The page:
Reality check. Kodak is manufacturing and selling as much T Max 400 sheet film as they have the capability to produce. Although demand destruction has caused many of us to opt out as consumers for Kodak sheet film, there are obviously many others that are still buying it . Furthermore, the price of Kodak sheet film will cycle through price increases until a hard stop in sales will take place. I chose to look at the bright side. Kodak Aleris is obviously pleased at the product sales and is likely to keep manufacturing it. I also like more choices than fewer ones so I continue to buy sheet film which should be around for a long time.

Sal Santamaura
6-May-2018, 17:57
Reality check. Kodak is manufacturing and selling as much T Max 400 sheet film as they have the capability to produce...I find that highly unlikely. Doing so would require multiple shifts over many days each week. By all accounts, intermittent coating events with smaller emulsion makes are what's been done to accommodate the shrunken film market. What is your source for that claim?


...Kodak Aleris is obviously pleased at the product sales and is likely to keep manufacturing it...Kodak Alaris manufactures no film. Eastman Kodak does, in its Rochester Building 38. Kodak Alaris markets and distributes the film.

Michael Kadillak
6-May-2018, 20:39
I find that highly unlikely. Doing so would require multiple shifts over many days each week. By all accounts, intermittent coating events with smaller emulsion makes are what's been done to accommodate the shrunken film market. What is your source for that claim?

Kodak Alaris manufactures no film. Eastman Kodak does, in its Rochester Building 38. Kodak Alaris markets and distributes the film.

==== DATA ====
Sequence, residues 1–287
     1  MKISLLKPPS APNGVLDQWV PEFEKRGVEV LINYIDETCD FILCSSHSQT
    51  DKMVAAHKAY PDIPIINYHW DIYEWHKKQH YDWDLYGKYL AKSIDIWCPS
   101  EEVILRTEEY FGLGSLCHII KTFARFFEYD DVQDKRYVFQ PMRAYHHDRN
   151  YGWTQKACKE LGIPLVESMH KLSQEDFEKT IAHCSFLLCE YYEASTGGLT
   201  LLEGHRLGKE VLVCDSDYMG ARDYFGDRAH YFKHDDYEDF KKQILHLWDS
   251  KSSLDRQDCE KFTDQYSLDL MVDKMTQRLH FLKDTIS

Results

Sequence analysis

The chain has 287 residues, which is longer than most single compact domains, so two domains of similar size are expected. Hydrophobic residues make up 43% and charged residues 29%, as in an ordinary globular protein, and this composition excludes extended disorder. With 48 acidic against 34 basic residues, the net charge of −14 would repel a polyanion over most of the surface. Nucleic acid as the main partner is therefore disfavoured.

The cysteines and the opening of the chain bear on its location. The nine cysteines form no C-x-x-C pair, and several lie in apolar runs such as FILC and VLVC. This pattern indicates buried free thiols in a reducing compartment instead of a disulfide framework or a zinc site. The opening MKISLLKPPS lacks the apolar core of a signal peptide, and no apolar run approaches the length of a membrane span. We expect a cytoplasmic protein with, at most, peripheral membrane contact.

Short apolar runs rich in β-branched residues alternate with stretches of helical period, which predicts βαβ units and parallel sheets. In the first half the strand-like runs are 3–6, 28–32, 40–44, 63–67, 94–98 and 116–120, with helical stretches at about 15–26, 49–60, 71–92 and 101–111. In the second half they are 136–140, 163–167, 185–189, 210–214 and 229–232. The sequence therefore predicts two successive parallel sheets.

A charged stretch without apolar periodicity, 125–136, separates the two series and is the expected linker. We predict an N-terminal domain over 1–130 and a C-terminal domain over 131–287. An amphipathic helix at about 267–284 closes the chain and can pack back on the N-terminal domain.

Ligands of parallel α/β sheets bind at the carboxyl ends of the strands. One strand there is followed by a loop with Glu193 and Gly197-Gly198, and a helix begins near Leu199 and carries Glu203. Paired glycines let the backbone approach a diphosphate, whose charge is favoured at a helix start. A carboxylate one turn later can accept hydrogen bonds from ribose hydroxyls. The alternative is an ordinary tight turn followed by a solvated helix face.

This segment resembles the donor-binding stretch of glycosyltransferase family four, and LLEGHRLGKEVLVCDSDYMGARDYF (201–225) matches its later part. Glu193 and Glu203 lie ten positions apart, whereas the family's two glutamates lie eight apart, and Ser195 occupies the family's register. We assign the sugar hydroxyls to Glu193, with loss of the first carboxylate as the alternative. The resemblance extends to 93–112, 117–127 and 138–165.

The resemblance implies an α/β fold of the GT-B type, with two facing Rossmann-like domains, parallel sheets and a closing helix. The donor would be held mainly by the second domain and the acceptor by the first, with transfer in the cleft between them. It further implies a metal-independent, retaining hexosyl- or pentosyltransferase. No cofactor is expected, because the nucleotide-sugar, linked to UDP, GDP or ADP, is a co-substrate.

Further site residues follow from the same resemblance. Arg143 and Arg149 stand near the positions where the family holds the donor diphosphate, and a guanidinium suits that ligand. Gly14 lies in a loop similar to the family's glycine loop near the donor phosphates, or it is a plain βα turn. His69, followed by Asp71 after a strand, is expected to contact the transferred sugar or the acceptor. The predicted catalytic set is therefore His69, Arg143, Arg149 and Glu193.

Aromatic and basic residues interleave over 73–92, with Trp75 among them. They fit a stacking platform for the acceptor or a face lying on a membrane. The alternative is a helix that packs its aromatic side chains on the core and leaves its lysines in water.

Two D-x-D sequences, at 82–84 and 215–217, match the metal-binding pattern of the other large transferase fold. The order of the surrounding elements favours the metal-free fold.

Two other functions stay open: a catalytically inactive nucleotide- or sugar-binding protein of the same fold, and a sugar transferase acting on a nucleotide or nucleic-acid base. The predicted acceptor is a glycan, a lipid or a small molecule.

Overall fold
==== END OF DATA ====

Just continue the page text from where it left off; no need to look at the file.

What i stated is factual and yes, I know that the film is manufactured in Rochester by Kodak and sold by Aleris.

My source of market intelligence is Keith Canham as he is at the crest of the wave of sales of Kodak sheet film and the volumes of product he is moving is staggering. Keith is about as honest as the day is long and I could not be happier that he has found a wonderful niche to take advantage of.

Pere Casals
7-May-2018, 00:54
Kodak Alaris manufactures no film. Eastman Kodak does, in its Rochester Building 38. Kodak Alaris markets and distributes the film.

This is a major problem Kodak film faces. Alaris (UK Kodak Pension Plan) and Eastman have separate interests, each may want to exploit the product in a different way, with particular interests leading to a possible "Tragedy of the commons". https://en.wikipedia.org/wiki/Tragedy_of_the_commons

IMHO this may explain some erratic behaviour in "Kodak" policy. I only desire they are able to make long term plans to ensure film production in the long term, and for future generations of film photographers. It is not clear how that Alaris vs Eastman relationship works, but this is a major factor for a long term business.

Sal Santamaura
7-May-2018, 07:10
Reality check. Kodak is manufacturing and selling as much T Max 400 sheet film as they have the capability to produce...


I find that highly unlikely. Doing so would require multiple shifts over many days each week. By all accounts, intermittent coating events with smaller emulsion makes are what's been done to accommodate the shrunken film market. What is your source for that claim?...


...My source of market intelligence is Keith Canham as he is at the crest of the wave of sales of Kodak sheet film and the volumes of product he is moving is staggering...